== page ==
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Generational Dynamics Web Log for 20-Nov-2018
20-Nov-18 World View -- Migrant caravans creating chaos and hostility in Mexico

Web Log - November, 2018

20-Nov-18 World View -- Migrant caravans creating chaos and hostility in Mexico

People of Mexico are increasingly split between xenophobia and sympathy toward migrants

by John J. Xenakis

This morning's key headlines from

Thousands of migrants overwhelm Mexican cities to Tijuana

Honduran migrants arrive at US border fence (Reuters)
Honduran migrants arrive at US border fence (Reuters)

The United States closed off northbound traffic for several hours at the border crossing from Tijuana Mexico into San Ysidro, California. One of two pedestrian crossings were also closed, to prevent a mass rush of migrants across the border.

This is the busiest border crossing from Mexico to the United States. Closing the border crossing inconvenienced many of the about 110,000 people who cross the border every day in 40,000 vehicles, in order to commute to work.

The border crossing had to be closed for several hours to permit the installation of movable, wire-topped barriers.

Tensions at the border have been building as nearly 3,000 migrants from a caravan arrived in Tijuana in recent days, the first of a series of migrant caravans that began in October. The federal government estimates the number of migrants could soon swell to 10,000, as additional migrant caravans arrive. The migrants are arriving from Central American countries.

The migrants are planning to apply for asylum in the United States at the San Ysidro portal. However, US border inspectors are processing only about 100 asylum claims per day.

Tijuana officials converted a municipal gymnasium and recreational complex into a shelter to keep migrants out of public spaces. The city's privately run shelters have a maximum capacity of 700. The municipal complex can hold up to 3,000.

Tijuana Mayor Juan Manuel Gastelum has called the migrants' arrival an "avalanche" that the city is ill-prepared to handle, calculating that they will be in Tijuana for at least six months as they wait to file asylum claims. Gastelum has appealed to the federal government for more assistance, but so far the government in Mexico City has refused.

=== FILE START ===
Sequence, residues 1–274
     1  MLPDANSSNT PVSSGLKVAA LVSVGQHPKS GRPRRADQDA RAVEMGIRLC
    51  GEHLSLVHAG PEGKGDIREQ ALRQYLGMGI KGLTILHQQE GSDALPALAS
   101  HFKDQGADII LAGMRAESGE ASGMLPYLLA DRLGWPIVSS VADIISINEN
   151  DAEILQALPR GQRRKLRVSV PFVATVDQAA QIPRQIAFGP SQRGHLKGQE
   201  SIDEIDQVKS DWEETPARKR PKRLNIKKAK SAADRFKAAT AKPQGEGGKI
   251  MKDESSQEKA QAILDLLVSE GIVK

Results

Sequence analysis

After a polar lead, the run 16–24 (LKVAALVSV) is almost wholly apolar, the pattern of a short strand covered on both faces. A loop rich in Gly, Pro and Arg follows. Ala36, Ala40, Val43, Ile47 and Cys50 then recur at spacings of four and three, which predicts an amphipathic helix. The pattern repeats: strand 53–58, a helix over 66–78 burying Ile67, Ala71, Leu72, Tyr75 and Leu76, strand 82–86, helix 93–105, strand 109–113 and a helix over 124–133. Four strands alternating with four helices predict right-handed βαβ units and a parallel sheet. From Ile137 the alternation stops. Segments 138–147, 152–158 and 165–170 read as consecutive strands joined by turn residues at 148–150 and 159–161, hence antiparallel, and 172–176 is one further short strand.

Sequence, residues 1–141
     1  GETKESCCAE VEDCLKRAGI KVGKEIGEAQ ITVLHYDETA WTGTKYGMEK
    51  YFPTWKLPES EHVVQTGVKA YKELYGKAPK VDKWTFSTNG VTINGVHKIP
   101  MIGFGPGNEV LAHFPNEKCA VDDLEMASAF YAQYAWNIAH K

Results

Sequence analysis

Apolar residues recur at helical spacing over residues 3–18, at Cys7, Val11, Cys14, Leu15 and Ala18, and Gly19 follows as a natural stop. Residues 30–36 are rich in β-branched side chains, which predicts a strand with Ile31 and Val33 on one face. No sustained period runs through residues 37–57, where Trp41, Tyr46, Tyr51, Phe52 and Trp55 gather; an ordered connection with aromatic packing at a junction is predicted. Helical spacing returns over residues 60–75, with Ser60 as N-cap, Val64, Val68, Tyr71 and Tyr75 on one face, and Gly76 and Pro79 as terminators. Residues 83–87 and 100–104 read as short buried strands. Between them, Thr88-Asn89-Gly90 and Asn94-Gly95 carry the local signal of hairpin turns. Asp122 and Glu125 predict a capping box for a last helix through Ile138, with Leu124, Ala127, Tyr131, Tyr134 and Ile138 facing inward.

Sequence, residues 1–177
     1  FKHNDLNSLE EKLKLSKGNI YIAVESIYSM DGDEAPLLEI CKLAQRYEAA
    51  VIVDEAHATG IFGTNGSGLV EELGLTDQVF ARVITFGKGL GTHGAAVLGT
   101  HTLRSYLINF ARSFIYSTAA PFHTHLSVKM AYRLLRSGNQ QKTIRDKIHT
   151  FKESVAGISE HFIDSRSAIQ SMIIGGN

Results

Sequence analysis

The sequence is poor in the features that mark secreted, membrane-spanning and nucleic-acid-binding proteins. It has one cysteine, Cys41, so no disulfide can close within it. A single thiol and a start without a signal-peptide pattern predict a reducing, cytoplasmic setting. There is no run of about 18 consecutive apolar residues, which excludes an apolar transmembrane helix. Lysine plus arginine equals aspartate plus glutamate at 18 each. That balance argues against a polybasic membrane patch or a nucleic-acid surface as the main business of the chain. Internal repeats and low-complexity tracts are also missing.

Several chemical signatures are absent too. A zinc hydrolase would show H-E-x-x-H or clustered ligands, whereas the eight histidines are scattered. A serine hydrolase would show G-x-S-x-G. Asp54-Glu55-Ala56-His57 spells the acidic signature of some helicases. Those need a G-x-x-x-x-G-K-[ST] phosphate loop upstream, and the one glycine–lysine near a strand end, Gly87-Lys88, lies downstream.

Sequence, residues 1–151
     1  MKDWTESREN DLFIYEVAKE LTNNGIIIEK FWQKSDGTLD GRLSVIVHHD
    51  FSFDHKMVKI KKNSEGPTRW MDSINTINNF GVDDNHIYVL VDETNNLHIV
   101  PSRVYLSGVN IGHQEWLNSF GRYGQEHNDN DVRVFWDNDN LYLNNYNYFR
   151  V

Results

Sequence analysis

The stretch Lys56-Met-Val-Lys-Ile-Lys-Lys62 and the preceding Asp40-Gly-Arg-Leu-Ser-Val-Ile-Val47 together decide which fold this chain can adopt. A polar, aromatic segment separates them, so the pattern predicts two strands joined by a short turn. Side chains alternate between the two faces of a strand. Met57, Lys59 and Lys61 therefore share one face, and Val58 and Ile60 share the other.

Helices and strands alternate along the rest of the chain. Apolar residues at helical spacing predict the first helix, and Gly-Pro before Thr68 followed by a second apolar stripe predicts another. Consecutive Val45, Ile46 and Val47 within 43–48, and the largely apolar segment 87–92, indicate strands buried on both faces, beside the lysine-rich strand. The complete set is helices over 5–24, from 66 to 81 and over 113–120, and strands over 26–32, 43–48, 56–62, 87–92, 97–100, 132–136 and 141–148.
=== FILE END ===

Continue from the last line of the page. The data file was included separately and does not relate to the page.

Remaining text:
Because Tijuana's resources are overwhelmed, cities "upstream" along the caravan route are slowing down the flow.

The city of Mexicali is 100 miles away along the highway to Tijuana. There are 1,300 Honduran migrants crowded into shelters in Mexicali, waiting to travel to Tijuana. However, Mexican police this weekend blocked their buses from proceeding to Tijuana, because the latter city is already full of migrants.

The group began as 7,000 migrants who left San Pedro Sula, Honduras, about a month ago, fleeing poverty, gang violence and lawlessness. The 1,300 who arrived in Mexicali are considering options, including making the extremely dangerous journey to Tijuana on foot. Hundreds more are expected in Mexicali next week.

Migrants in Guadalajara, the capital city of Jalisco state, about 1,200 miles south of Tijuana, were apparently played a cruel trick by government officials. The government of Jalisco had promised to provide transportation to Nayrit, 120 miles away, for nearly 6,000 migrants staying in Guadalajara. Instead, they provided buses for only 2,000, and then forced them off the bus on the outskirts of Jalisco, still over 62 miles away from the closest town in Nayarit. Then they blocked the other 3,000 migrants from receiving food packages, saying that "they are only for those who are leaving on the buses." Instead, the state will provide water, some food and escorts at nine points along the main highway leading through the state to help ensure the migrants don't have to stop.